But even $561,000 would be a massive improvement on the status quo, and we're talking about someone who started at $30,000/year. Where's the example where active management reduces a $927,000 nest egg to $104,000?

By all means, don't throw your money away on active management, and don't waste your time trying to pick stocks. That stuff matters at the margin. But that particular margin is insignificant compared to the problem of low savings rates. And the early retirement people have shown that almost everyone could easily hit a higher savings rate. The journalists who tell people that the problem is the banks, or the government, or stagnating incomes, or anything other than savings rates are doing people a huge disservice (see MMM on this topic).

I understand the urge to do something about Wall Street misleading savers. I understand the role that journalists can play in showing people that they're getting duped; I even understand why some people want the President of the United States to do something about this. But if Porter's readers are relying on changes in banking or policy to save their retirement, they are totally screwed.


UPDATE: First, check out the comment by "ed" in my comments section. Second, Noah Smith responds:

Ryan is wrong to say that this makes Bogle and Porter's argument invalid. Actually, Bogle and Porter have a good argument.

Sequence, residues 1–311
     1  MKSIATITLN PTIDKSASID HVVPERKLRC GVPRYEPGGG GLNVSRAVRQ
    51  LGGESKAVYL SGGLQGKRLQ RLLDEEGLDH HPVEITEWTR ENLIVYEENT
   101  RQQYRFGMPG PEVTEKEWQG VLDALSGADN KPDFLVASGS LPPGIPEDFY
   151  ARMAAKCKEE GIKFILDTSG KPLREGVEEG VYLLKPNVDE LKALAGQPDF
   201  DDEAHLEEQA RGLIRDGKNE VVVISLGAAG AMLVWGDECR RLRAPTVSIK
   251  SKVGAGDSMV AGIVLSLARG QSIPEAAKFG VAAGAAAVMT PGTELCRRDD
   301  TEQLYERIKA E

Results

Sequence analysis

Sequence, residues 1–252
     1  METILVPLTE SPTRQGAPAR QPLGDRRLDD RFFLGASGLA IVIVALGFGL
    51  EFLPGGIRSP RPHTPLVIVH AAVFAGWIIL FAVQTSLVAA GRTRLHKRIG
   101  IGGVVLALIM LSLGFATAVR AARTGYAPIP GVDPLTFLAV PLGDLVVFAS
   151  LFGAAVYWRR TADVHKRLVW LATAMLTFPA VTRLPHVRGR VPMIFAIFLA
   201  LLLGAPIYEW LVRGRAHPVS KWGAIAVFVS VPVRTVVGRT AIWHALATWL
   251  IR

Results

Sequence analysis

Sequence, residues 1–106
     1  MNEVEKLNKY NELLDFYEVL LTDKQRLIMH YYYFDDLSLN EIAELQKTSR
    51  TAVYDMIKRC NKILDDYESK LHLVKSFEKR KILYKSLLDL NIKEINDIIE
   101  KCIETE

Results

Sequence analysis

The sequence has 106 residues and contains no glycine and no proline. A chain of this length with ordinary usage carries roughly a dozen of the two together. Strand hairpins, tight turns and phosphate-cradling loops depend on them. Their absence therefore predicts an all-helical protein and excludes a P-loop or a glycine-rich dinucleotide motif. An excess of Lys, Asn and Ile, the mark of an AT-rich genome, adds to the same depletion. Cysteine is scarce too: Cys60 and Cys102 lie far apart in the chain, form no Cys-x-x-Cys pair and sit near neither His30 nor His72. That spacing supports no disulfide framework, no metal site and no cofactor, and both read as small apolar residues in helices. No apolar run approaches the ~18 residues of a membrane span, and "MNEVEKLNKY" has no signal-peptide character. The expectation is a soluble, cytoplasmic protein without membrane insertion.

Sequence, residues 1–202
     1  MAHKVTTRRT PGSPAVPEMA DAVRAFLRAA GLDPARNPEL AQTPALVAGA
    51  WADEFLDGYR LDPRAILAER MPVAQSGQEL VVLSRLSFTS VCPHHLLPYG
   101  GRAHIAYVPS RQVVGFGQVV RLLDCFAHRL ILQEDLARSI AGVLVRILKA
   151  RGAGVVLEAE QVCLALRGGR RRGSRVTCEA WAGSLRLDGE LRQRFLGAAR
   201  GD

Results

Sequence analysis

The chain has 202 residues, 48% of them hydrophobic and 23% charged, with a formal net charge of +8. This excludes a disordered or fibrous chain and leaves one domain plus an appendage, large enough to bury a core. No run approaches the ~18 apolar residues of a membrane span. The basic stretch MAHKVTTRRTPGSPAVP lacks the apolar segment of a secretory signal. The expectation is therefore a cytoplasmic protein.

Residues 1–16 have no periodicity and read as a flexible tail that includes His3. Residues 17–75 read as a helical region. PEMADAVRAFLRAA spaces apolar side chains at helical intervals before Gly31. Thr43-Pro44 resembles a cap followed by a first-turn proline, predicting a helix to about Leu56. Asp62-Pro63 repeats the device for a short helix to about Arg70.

Noah then proceeds to explain how switching from active to passive management is basically a free lunch, allowing people to have higher total lifetime consumption without having to save an extra dime. I agree! But Noah isn't reading me--or Porter--very carefully.

I'm not saying that switching from active to passive management isn't worthwhile. Do it! I'm a huge fan of Bogle, and all of my retirement savings is in Vanguard passive funds. I'm also not saying that people should want to have larger nest eggs. Rather, I'm responding to Bogle and Porter's actual argument. Porter's piece isn't just telling people to switch from active to passive. Porter and Bogle are selling passive management as the solution to huge shortfalls in retirement saving. Let's see what they actually say:

That’s not nearly enough [meaning, the average nest egg of $104,000 isn't "enough"]. And the situation will only grow worse. . . .